I have tried to make this blog as apolitical as possible as my theme is about LIFE and all its many facets as it affects me. But I cannot help but blog about the impact of our youth on me, especially during this time when we are once again faced by a scandal of humongous proportions. This post is not a political one. Rather, I believe that this represents our HOPE for a BETTER LIFE.
In my younger days, I was no activist. I was never in political rallies during martial law days. I chose to just focus on my studies and I must say I was a pretty good student and made good grades. But when I went for graduate studies to the States, I became aware of many things. My loneliness, being away from family, made me keenly appreciate my country even more (this is really cheesy but I would get teary-eyed whenever I would hear Lupang Hinirang). I realized I was part of a few who were given a chance for a better life when many back home could not even get to eat 3x a day. I was there when Ninoy Aquino was exiled, got invited along with some friends to a party hosted in NY for the Marcoses during their state visit (we were appalled by the excessive show of opulence that we left soon after dinner and chose to walk around NY for a change), was among Filipino students who met similarly-exiled Charito Planas during her school visit and got a personal view of what the country was facing then. I was absorbing all these, and without realizing it, this was to be my big step to a more active participation ahead.
When Operation Quick Count of NAMFREL was set up, I got involved. Without going into more details, suffice it to say that my love of the Philippines was heightened all the more during those days. We worked long, long hours in LSGH in the aftermath of the presidential snap elections of ’86. I was there when Card. Sin and Senator Lugar of the US, among other dignitaries, paid a visit to the LSGH gym where we were based. I was one of those who broke out cheering and applauding when they announced that the PICC tabulators had walked out. And during EDSA 1, I was one of the millions who found ourselves in EDSA. My heart was bursting with love for my country and hopes for the future.
But with scandal after scandal coming out, I fear for my kids and what future they will have in this country. There is so much for them to be proud of. The countryside is beautiful. Whatever is left of our rich, natural resources (depleted by greedy moneymakers) is still a sight to behold. The simple folks in the provinces show us what the real heart of Pinoys are. Opportunities abound to give and to receive — within moral and economic boundaries.
But what values are my kids picking up? Will they continue to be principled, fight for what is good and right, put country over personal interest? Will they want to stay in this country and put their talents and skills to use here rather than dream of working abroad? How do I teach them that money in itself is not bad if they can put it to use to make lives better? When they look at TV, hear the Senate investigations, and study current events in school, how do these scandals impress their young hearts?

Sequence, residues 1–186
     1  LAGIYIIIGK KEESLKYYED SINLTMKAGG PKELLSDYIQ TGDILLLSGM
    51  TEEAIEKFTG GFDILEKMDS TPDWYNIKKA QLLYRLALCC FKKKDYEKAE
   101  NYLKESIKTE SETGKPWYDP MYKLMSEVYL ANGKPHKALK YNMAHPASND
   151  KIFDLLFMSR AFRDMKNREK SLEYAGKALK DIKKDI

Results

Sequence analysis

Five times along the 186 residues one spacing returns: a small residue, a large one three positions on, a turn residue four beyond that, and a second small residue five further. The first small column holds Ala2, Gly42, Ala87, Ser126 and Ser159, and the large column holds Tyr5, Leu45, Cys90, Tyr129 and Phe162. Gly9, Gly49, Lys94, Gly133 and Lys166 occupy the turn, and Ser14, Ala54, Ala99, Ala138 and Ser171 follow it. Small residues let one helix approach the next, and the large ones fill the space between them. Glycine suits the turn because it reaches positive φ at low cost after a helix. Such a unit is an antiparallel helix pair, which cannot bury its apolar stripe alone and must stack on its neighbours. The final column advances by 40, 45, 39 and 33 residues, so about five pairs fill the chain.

These days, I am just an ordinary wife and mother. My days are humdrum, revolving around planning the kids’ schedules, trying to earn a decent living, and enjoying yoga with friends.
But last night, my good friend Dine told me about her son Vince who, at the Ateneo mass at Gesu for Jun Lozada, gave up his St. Ignatius pin (which was given to him just a week ago) in order to fulfill the wish of Lozada to come out of Ateneo with a blue pin.
Vince earned that blue pin. It was a pin given in recognition of his school leadership. But in giving that pin to Lozada, Vince symbolized all the youth behind him who were in effect entrusting their future in the hands of the likes of Lozada. Here was a youth leader telling an adult that there was hope for our land and this was an encouragement for Lozada and others to likewise stay the course and let the TRUTH come out.
If our youth, like Vince, continue to love this country and feel deeply for it like I remember feeling years ago, there is hope for this country. If they can discern what is NOT right in the actions of my generation, there is a chance for them to rectify these in their generation. They are the hope of this land.
(Vince with Sumilao farmers at the Gesu Mass for Lozada — photo courtesy of Dine)
Vince, you do your family proud and I am happy to have met you through your mommy. Be assured that we are all behind you and your generation and will always pray that you all stay in the light. As for me, I continue to be a proud Filipina.
To view a short video of Vince (also taken by Dine) giving his pin to Lozada, click HERE and HERE.
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